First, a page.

As illustrated in FIGS. 1-3, the detector, 10, is formed in a body of silicon which includes substrate or bulk portion 11 and epitaxial layer 12. The major surfaces of the body lie in the (110) planes for reasons to be discussed later. The particular detector shown here is a known form of avalanche photodiode which has been described for example, in Melchior, "Detectors for Lightwave Communication," Physics Today, Volume 30, pages 32-39 (November 1977). It should be realized that this detector is illustrative, and the invention may be used with any silicon detector having light responsive means capable of detecting light incident essentially parallel to the major surfaces of the device.

In this example, the silicon substrate is doped to form a p+ conductivity region with a resistivity of approximately 0.1 ohm-cm. Formed on the silicon substrate is an epitaxial silicon layer, 12, which is also p conductivity type but with a low impurity concentration and therefore designated "π". The impurity concentration of this layer is typically less than 1014 cm-3 and the layer is approximately 50-100 μm thick.

The detector illustratively is fabricated by first forming a guard ring comprising n+-type region, 13, and then forming a channel stop comprising p-type region, 14, both by standard diffusion techniques. Each region typically has an impurity concentration of greater than 1019 cm-3. The guard ring eliminates breakdown around the periphery of the n+-p junction formed later, and the channel stop surrounds the device and prevents surface inversion. The depth of the guard ring is typically 6-8 μm and that of the channel stop is 2-3 μm. A p-type region, 15, is then formed, typically, by implanting boron in the region surrounded by the guard ring and then diffusing to a depth of approximately 4-6 μm. The impurity concentration of this region is typically approximately 1016 cm-3. A shallow n+ region, 16, is then formed, advantageously by ion implantation and diffusion, in the same area as the p region for a time adjusted to control the particular current-gain-voltage characteristic of the device. Typically, the depth is approximately 0.5 μm and the concentration is greater than 1019 cm-3. Insulating layer, 17, is formed on one major surface to passivate the device. This layer is usually a multi-layer of SiO2 and Si3 N4. Metallization, 18, forms a contact to the N+ region, and field plate electrode 19 is formed over the channel stop region. It will be noted that the metal overlaps the n-π and p-n+ junctions to prevent the buildup of charge within and at the surface of the insulating layers near the edge of the junctions. Metal layer, 20, formed on the opposite surface of the body provides contact to the p+ substrate.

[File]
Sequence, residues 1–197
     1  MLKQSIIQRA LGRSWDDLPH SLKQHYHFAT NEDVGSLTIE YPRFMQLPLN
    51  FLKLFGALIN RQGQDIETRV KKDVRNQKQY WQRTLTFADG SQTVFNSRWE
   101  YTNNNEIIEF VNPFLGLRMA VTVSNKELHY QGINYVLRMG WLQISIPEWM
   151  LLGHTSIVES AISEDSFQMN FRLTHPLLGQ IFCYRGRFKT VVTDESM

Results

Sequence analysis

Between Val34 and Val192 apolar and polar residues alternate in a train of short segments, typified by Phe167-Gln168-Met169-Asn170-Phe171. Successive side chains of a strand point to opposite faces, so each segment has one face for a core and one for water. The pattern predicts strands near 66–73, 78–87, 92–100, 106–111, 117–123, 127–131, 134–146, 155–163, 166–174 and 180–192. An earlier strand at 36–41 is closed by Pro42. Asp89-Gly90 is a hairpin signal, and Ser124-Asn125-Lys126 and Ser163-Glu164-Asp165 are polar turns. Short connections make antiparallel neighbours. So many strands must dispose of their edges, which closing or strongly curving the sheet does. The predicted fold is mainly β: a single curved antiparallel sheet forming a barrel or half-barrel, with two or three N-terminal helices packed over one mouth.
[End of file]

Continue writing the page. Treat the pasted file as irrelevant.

The photo-responsive means in the device is the n+ -p junction 22 and the n+ -π junction 29. That is, light-generated carriers in the vicinity of the junctions will induce a current across the junctions. In operation, when a reverse bias is supplied to the junctions, a depletion region indicated by dashed line 21 will be formed through the entire thickness of the epitaxial layer 12. Light incident on the semiconductor will be absorbed and produce hole-electron pairs. As long as the light is absorbed in the depletion region, the holes and electrons will be separated by the electric field and electrons will flow across the junctions and be collected in n+ region (16) while holes will flow to the back contact (20) to consistute a current across the device. For avalanche photodiodes, a sufficiently high reverse bias is supplied so that the electrons gain sufficient energy to release new electron-hole pairs by impact ionization in the p region 15 and gain is achieved provided the light is absorbed in the area under the p-n+ junction 22. That is, electrons generated in the region under the p-n+ junction 22 (designated the active region) will be multiplied, while those generated outside the active region but in the depletion region will be detected by the n+ -π junction but not multiplied. In any event, since the lengths of the depletion region and the active region are considerably greater than the depth of the depletion region, a longer path length is available for detection of absorbed light if light is incident on the edge of the device so the light is parallel to the device surface. This longer path length therefore accommodates the higher absorption coefficient of longer wavelength light so that light of 1.0-1.1 μm can be detected.

Sometime after the formation of the epitaxial layer, 12, and preferably after the formation of the n and p regions previously described, a groove 23 is etched through the layer 12 and extending into the substrate 11. An appropriate masking material such as thermally grown SiO2 can be used to define the boundaries of the groove. The (110) crystal orientation of the major surface of the body and the orientation of the mask is such as to produce sidewalls 24 and an endwall 25 lying in (111) planes. The groove is anisotropically etched so that the silicon is etched very rapidly in the (110) direction, but very slowly in the (111) directions. This can be accomplished, for example, with a solution of KOH and water at a temperature of approximately 70 degrees C. which etches at a rate of approximately 1 μm/min in the (110) direction and at an imperceptable rate in the (111) direction. (For a detailed discussion of etching grooves utilizing this crystal orientation for dielectric isolation in integrated circuits, see U.S. patent application of A. R. Hartman, et al, Ser. No. 849,788, filed Aug. 25, 1978.)